To read the full article, look for this cover on newsstands or get a one-year subscription for $16.95 here.

Friday, October 10, 2014

New Book: The Specialty Coffee Book

I'm so happy to announce that The Specialty Coffee Book has just been published by Smudge Publishers. It follows in the footsteps of the publishing house's Coffee Encounters, and I feel so lucky to have been able to write on both projects. The Specialty Coffee Book tells the story of the world's specialty coffee industry through the eyes of Melbourne, Australia. Cafes and specialty roasters are profiled, and the large-format book includes many beautiful photographs.

Smudge Publishers is a family-run publishing house based in Melbourne, Australia, and it has published many books on Australian wine and food, including the award-winning Flavours of Melbourne.

Here's a preview:

 




Thursday, July 31, 2014

My First Feature Article in Northwest Travel Magazine!

Summer Adventure Activities (Not Just for Adrenaline Junkies)!
By Mattie John Bamman
Published July 2014 in Northwest Travel Magazine

Photo © John Malmberg

Warm summer days inspire adventure. Places never explored. Untried challenges to test your mettle. From Washington and Oregon to Idaho, they await—crampons, paddles, surfboards and expert guides at your fingertips.

Welcome to another summer in the Northwest.

While adventure activities can seem extreme, many are increasingly accessible to beginners—no experience necessary—and most can be enjoyed within a day. Let these top picks be your call to adventure...

Read the Full Article Online------>

Guide to Wine Tasting at Seattle's Urban Wineries

You don't even have to drive the 30 minutes to Woodinville, Washington, to taste wine at Seattle's urban wineries. Check out my article, Seattle's Urban Wineries, in the latest issue of Northwest Travel Magazine, for wine recommendations, tasting room hours, and prices (psst: most tastings are free!).



Tuesday, July 1, 2014

Photo Outtakes: Discovering Wine in the Okanagan Valley, British Columbia

There are always a few photos left over after the design folks get finished with an article, so I thought I'd begin sharing the outtakes. Here are the outtakes from my most recent publication, Discovering Wine in the Okanagan Valley, Northwest Travel Magazine 2014 June issue.

McIntyre Bluff, Okanagan Lake, and Blue Mountain Winery's vineyard.

--> Christie and Matt Mavety, owners of Blue Mountain Winery
-->
Okanagan Crush Pad owner Christine Coletta with fresh eggs


--> Tantalus Old Vines Riesling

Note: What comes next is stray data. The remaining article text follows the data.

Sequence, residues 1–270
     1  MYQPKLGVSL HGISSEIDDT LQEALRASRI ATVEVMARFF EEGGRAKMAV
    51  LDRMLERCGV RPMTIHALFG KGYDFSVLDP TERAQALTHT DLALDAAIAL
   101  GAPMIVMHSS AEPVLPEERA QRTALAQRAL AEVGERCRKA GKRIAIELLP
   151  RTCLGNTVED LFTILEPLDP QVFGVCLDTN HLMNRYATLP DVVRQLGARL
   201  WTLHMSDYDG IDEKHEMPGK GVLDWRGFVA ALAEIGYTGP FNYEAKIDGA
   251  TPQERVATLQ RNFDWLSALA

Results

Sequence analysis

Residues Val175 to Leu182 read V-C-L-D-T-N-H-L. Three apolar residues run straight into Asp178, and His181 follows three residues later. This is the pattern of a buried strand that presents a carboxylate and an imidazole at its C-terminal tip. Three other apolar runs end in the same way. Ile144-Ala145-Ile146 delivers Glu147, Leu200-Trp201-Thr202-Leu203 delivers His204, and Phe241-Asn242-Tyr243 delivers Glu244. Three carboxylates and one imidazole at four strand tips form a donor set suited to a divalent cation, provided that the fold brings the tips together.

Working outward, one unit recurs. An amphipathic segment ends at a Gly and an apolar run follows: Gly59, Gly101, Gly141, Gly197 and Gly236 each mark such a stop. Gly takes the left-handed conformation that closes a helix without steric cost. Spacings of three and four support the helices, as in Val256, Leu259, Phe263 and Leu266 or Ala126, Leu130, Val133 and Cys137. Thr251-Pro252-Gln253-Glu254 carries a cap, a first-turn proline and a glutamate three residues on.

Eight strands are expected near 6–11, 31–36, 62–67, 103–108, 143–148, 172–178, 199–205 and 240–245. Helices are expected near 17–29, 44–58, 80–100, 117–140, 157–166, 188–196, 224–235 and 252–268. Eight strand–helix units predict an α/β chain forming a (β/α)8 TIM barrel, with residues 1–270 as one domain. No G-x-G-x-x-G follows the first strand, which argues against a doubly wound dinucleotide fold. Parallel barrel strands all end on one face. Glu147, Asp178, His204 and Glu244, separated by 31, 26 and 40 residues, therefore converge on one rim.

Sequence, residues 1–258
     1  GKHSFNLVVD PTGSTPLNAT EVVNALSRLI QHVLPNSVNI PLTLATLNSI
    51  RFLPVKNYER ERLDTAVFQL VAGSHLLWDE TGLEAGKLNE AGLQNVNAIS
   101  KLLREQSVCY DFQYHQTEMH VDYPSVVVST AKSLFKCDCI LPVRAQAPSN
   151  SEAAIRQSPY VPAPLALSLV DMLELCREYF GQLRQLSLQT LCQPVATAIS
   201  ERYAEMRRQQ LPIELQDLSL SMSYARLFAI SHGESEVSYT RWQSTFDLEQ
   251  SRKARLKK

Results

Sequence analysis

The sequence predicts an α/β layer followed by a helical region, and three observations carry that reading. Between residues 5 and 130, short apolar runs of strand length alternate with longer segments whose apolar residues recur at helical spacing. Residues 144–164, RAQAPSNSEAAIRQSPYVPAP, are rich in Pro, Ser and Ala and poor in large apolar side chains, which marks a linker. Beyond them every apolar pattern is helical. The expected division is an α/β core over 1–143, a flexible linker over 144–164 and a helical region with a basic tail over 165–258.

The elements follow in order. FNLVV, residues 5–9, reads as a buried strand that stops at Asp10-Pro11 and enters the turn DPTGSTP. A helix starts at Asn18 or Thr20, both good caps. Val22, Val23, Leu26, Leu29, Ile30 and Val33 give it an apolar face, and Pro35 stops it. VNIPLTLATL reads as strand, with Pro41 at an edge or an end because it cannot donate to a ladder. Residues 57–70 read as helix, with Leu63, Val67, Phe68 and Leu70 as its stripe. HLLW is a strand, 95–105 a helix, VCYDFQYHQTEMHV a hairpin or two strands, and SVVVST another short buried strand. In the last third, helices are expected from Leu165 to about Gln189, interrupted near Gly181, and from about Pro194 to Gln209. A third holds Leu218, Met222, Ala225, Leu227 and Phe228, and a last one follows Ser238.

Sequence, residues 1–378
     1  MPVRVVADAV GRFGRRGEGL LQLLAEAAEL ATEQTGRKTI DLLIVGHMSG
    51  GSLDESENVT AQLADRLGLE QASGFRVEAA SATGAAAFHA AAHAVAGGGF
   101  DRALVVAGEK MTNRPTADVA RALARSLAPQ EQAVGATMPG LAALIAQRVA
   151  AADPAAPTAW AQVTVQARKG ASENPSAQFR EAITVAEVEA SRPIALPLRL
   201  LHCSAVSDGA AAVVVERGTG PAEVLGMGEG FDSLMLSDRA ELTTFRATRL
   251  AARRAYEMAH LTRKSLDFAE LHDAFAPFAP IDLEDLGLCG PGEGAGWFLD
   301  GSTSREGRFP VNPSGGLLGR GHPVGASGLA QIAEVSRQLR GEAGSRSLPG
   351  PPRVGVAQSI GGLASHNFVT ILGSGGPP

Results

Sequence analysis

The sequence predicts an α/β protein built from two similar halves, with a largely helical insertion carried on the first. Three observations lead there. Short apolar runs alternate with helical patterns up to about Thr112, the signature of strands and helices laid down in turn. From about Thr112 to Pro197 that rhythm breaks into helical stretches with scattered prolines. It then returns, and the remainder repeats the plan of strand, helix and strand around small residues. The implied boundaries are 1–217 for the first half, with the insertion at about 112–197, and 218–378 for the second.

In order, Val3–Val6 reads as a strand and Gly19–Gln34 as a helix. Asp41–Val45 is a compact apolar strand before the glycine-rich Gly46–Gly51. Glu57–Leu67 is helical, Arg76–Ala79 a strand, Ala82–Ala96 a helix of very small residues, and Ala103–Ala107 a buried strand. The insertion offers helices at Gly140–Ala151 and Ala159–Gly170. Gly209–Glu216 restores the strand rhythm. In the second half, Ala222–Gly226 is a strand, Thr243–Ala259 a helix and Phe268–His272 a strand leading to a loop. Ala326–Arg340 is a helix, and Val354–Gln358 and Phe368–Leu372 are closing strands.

--> Tinhorn Creek Vineyard
-->
Spring buds in the Vineyard

--> Southern Okanagan Valley in the evening

Wednesday, June 11, 2014

Interview with Chef Mark Filatow, Waterfront Restaurant, Kelowna, BC


Mark Filatow is one of British Columbia's best chefs and sommeliers, and he owns and operates Waterfront Restaurant & Wine Bar in the city of Kelowna in the northern Okanagan Valley. He's won countless awards—Waterfront Restaurant was just named 'Best Okanagan Restaurant' for the sixth year in a row by Vancouver Magazine—but I didn't know that when I decided to write an article on him (Northwest Travel Magazine, Dec 2013). It was Filatow's ability to draw out the true flavors of farm-fresh vegetables that grabbed my attention.

In preparation for writing the article, I interviewed Filatow, and he had more fascinating things to say than I could fit into the piece. Most of this stuff will appeal to anyone passionate about eating local, especially chefs. For those fascinated with cooking, it's a great look inside of the mind of a cutting-edge chef, too. 

Without further adieu, here is the interview in full:

What is the winter food scene at Waterfront Restaurant & Wine Bar like?

It’s like a warm hug. We tend to start slow cooking a lot of things, so there will be a lot of braise items on the menu and a lot of off cuts.

How do you get the fresh flavors of local produce in the winter months, when so little is growing?

We really work off the storage crops. This year, we worked in a lot of house-fermented stuff, and we’re going to do a lot more in the future. Other dishes might include wild-fermented horseradish with a wild lacto front. Also, oysters will start up in the winter when the water gets cold again. Not that oysters are a warm hug, but they sure are nice when the water’s cold.

I heard that you try to match your dishes to the winter moods of your patrons...

Yeah, for me, my mood kind of changes in the winter. I like roasted vegetables, for example. In the summertime, I like a really light approach to vegetables—if they’re cooked at all. In the winter you get the squashes and potatoes, and the onions. We’re fully stocked with local garlic, carrots, beets, rhudabegas, and parsnips. All those beautiful, delicious, sugary root vegetables. Then there’s the brassica, the brussels sprouts and the kales that just turn amazing with that first frost.